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ORIGINAL ARTICLE
Year : 2018  |  Volume : 147  |  Issue : 6  |  Page : 603-610

Development of immunodetection system for botulinum neurotoxin serotype E


1 Biotechnology Division, Defence Research Development & Establishment, Gwalior, India
2 School of Studies in Zoology, Jiwaji University, Gwalior, India

Correspondence Address:
Dr. Sarkaraisamy Ponmariappan
Biotechnology Division, Defence Research Development & Establishment, Jhansi Road, Gwalior 474 002, Madhya Pradesh
India
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Source of Support: None, Conflict of Interest: None


DOI: 10.4103/ijmr.IJMR_1375_16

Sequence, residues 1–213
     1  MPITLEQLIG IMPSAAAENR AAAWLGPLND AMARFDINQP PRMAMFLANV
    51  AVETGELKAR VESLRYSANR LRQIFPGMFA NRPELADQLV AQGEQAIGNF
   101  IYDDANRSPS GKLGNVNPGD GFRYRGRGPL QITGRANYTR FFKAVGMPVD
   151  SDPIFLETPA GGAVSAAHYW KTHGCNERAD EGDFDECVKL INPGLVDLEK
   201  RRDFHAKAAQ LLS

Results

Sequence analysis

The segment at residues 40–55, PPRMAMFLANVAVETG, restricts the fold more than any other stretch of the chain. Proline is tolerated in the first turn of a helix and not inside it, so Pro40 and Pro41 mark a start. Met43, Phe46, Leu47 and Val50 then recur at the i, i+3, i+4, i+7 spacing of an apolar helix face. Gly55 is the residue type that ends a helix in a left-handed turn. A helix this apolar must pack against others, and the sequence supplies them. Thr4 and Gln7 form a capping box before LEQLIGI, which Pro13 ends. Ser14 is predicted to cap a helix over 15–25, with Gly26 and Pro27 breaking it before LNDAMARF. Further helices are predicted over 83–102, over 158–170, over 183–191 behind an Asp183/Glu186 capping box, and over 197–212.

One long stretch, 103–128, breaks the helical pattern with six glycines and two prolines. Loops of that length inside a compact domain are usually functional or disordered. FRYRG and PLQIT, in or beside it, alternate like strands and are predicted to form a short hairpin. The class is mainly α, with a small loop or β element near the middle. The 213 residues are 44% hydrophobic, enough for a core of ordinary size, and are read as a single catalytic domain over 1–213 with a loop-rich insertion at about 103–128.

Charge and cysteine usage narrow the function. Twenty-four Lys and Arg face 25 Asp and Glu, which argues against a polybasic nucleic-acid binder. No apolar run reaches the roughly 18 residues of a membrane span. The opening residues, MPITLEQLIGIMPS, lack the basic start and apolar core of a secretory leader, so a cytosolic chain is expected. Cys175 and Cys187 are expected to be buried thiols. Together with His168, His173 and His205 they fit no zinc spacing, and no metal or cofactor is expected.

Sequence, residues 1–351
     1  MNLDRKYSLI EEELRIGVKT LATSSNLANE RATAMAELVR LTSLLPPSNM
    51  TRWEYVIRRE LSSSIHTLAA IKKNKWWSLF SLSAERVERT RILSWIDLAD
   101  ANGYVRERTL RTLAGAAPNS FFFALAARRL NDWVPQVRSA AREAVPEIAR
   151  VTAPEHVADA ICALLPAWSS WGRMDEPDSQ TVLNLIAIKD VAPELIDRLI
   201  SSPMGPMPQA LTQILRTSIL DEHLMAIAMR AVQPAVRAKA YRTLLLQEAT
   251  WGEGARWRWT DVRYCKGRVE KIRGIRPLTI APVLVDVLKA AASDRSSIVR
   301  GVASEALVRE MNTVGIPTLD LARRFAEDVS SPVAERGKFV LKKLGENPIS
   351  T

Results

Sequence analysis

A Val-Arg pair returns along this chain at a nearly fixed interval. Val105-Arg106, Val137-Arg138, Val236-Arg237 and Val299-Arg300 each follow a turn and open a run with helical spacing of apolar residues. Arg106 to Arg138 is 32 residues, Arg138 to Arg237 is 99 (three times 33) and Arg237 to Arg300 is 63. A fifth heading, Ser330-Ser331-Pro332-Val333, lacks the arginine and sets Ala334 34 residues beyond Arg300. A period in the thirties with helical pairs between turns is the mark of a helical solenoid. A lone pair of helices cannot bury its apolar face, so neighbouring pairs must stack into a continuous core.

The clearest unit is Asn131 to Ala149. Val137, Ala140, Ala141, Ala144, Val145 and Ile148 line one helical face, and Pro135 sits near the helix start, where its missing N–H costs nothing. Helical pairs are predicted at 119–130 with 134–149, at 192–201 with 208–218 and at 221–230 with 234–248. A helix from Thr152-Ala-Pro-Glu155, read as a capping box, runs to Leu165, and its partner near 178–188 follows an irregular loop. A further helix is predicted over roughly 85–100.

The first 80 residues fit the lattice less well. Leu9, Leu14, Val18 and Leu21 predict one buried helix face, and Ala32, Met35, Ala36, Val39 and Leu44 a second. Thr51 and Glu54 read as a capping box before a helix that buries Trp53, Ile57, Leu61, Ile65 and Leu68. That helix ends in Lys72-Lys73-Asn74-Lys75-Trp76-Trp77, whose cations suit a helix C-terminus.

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Background & objectives: Botulism, a potentially fatal paralytic illness, is caused by the botulinum neurotoxins (BoNTs) secreted by Clostridium botulinum. It is an obligate anaerobic, Gram-positive, spore-forming bacterium. BoNTs are classified into seven serotypes based on the serological properties. Among these seven serotypes, A, B, E and, rarely, F are responsible for human botulism. The present study was undertaken to develop an enzyme-linked immunosorbent assay (ELISA)-based detection system for the detection of BoNT/E. Methods: The synthetic gene coding the light chain of BoNT serotype E (BoNT/E LC) was constructed using the polymerase chain reaction primer overlapping method, cloned into pQE30UA vector and then transformed into Escherichia coli M15 host cells. Recombinant protein expression was optimized using different concentrations of isopropyl-β-D-1-thiogalactopyranoside (IPTG), different temperature and the rBoNT/E LC protein was purified in native conditions using affinity column chromatography. The purified recombinant protein was checked by sodium dodecyl sulphate-polyacrylamide gel electrophoresis (SDS-PAGE) and further confirmed by western blot and matrix-assisted laser desorption ionization-tandem time-of-flight (MALDI-TOF). Polyclonal antibodies were generated against rBoNT/E LC using Freund's adjuvant in BALB/c mice and rabbit. Sandwich ELISA was optimized for the detection of rBoNT/E LC and native crude BoNT/E, and food matrix interference was tested. The developed antibodies were further evaluated for their specificity/cross-reactivity with BoNT serotypes and other bacterial toxins. Results: BoNT/E LC was successfully cloned, and the maximum expression was achieved in 16 h of post-induction using 0.5 mM IPTG concentration at 25°C. Polyclonal antibodies were generated in BALB/c mice and rabbit and the antibody titre was raised up to 128,000 after the 2nd booster dose. The developed polyclonal antibodies were highly specific and sensitive with a detection limit about 50 ng/ml for rBoNT/E LC and 2.5×10[3] MLD50 of native crude BoNT/E at a dilution of 1:3000 of mouse (capturing) and rabbit (revealing) antibodies. Further, different liquid, semisolid and solid food matrices were tested, and rBoNT/E LC was detected in almost all food samples, but different levels of interference were detected in different food matrices. Interpretation & conclusions: There is no immune detection system available commercially in India to detect botulism. The developed system might be useful for the detection of botulinum toxin in food and clinical samples. Further work is in progress.


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